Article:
Who on earth dreamed up the book festival? Putting authors on stage seems, on the face of it, bizarre. Unlike stand-up or tap-dancing, writing books is not a performance art. Go to a comedy show or a concert and you will see people perform. Go to a literary festival and you will see people talk about performing. Perhaps this is just as well: writing, like other bodily functions, is at the best of times dull, at the worst messy and preferably executed in private.
So why this fascination with authors? Would you pay an estate agent to tell you how he sold his last house? Of course not. You’d pay him not to. Perhaps it’s because story-telling is such a fundamental art, requiring no tools beyond words. Everyone uses words, which makes being a writer a bit of a swizz. Nonetheless it’s a job which is held in pleasantly high esteem, despite requiring no training or qualifications whatsoever and despite the fact that most people suspect (often quite rightly) that the only thing separating themselves from published authors is a dollop of luck. Part of that luck, of course, involves the manuscript finding just the right reader at just the right moment, but part – and I would like to think the greater part – involves stumbling on the magic that turns mere words into stories. Is this why people go to book festivals – to catch that magic? But it’s an elusive thing; try to pin it down and it slips elsewhere.
As I stepped, eight years ago, into the Bedouin village that is Edinburgh’s Charlotte Square for my very first book festival, I wished that I, too, could slip elsewhere. I had just written a book called The Mum Shop and to my great surprise I had been invited to hold an event at this granddaddy of literary shindigs. In other words, thanks to one slim and rather frivolous volume, I had gone from being someone completely anonymous and dull to someone so famous and fascinating that a tentful of people could be expected to pay real money to listen to me talk for a whole hour.
I am not one of life’s extroverts. At parties I hold quiet, almost clandestine one-to one conversations in corners and I prickle with cold sweat at the mere thought of telling a joke. Yet now I was called upon to amuse a whole crowd of complete strangers for 60 minutes. I ask you – if I could be funny by the simple expedient of opening my mouth, would I go through the tortuous (and may I say appallingly remunerated) ordeal of writing books?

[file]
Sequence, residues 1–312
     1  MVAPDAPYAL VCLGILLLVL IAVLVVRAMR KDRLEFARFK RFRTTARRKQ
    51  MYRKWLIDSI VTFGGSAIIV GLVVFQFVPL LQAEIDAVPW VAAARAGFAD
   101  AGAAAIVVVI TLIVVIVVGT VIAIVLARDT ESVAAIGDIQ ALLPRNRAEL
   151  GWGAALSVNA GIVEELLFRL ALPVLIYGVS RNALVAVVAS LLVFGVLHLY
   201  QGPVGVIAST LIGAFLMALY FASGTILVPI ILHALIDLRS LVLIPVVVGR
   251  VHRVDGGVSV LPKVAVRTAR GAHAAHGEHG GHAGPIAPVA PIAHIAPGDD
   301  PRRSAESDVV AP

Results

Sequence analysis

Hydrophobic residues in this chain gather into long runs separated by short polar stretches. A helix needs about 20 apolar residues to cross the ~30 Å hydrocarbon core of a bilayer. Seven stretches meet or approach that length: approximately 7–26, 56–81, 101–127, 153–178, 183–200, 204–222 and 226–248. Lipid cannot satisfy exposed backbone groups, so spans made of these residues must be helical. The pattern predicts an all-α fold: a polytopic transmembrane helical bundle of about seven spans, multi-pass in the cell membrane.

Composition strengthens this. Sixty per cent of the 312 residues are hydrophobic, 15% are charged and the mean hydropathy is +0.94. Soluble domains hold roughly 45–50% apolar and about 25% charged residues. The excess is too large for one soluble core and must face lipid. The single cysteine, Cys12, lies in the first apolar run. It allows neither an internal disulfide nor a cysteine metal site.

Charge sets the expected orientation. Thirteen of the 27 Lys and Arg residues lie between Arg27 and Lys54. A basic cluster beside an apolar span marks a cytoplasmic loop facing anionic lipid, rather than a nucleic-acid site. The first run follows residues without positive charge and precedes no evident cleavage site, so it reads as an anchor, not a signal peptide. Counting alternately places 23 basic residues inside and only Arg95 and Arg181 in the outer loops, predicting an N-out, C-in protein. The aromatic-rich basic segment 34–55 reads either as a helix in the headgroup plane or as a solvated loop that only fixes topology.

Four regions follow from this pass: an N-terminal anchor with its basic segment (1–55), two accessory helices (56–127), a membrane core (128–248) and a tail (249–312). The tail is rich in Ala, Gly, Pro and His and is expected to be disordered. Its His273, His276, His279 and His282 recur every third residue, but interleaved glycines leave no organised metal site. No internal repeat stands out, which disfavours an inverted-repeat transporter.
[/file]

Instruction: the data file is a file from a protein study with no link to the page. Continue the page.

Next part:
My ever-lurking doubt that anyone would listen to me if they had a choice in the matter was magnified a hundredfold in Edinburgh, where of course my audience would be children – children who had been dragged away from all the much more interesting things going on outside, children who knew I could not hope to provide excitement on the same scale as legendary street entertainer Big Al Katraz unless I performed with my head in a shark-infested tank and my hands cuffed behind my back.
Anyhow, into my tent they all trooped, not quite kicking and screaming but not racing forwards with irrepressible joy either. They took their seats, I was introduced, and we were off.
Of course I had a heckler. Like most hecklers, he sat directly before me, in the centre of the front row, with his arms crossed. Unlike most hecklers, he was 5½. In a doomed attempt to warm up my audience I chatted about the main character in The Mum Shop, pointing him out on the book cover. ‘This is Oli,’ I told them brightly. ‘Is anyone here called Oli?’
‘No,’ replied a firm voice.
I looked down in surprise at the speaker. He was extremely small, but wore an expression of grim tenacity that was positively Churchillian. If there were any Olis in the audience, none of them would dare admit it now.
I struggled foolishly on. ‘Oli has a friend called Skipjack. Are there any—‘
‘NO!’ My nemesis shook his head categorically. ‘Read the book,’ he commanded.
Needless to say there was no sign of a handler in the tent who could restrain this monster with a lead and muzzle or, better still, a rubber bullet. Defeated, I began reading.
Now, The Mum Shop is about a boy who swaps his mother in the hope that her replacement will be a big improvement. This notion had gone down a storm at the primary school where I had held my maiden outing: within seconds of my introducing the theme, a forest of hands had shot up from children eager to be given the exact address of the nearest Mum Shop.
Transfer this to Edinburgh, where the back row of my tent was filled with parents of female gender all paying close attention, and you begin to see my problem, viz an instant dampener on any cosy conversations I was hoping to have with the kids about how much fun it would be to exchange their mothers for less appalling alternatives.
Reader, I died. Up there on stage, with 17 minutes still to go. Those 17 minutes remain, thankfully, a blur; I only dimly remember a kind festival helper coming to my aid and inviting questions from the few adults in the audience whom I hadn’t alienated with my subject matter. Suffice to say it was the second most embarrassing event of my life, only narrowly beaten by an Argyll Ball many moons ago to which I wore a strapless dress. Unfortunately for half of the Reel of the 51st Division I only nearly wore the strapless dress, a subtle but important difference which none of the long row of subalterns in my set felt the need to bring to my attention. I now view with extreme caution any invitation to venture north of the Tartan Curtain: these things come in threes.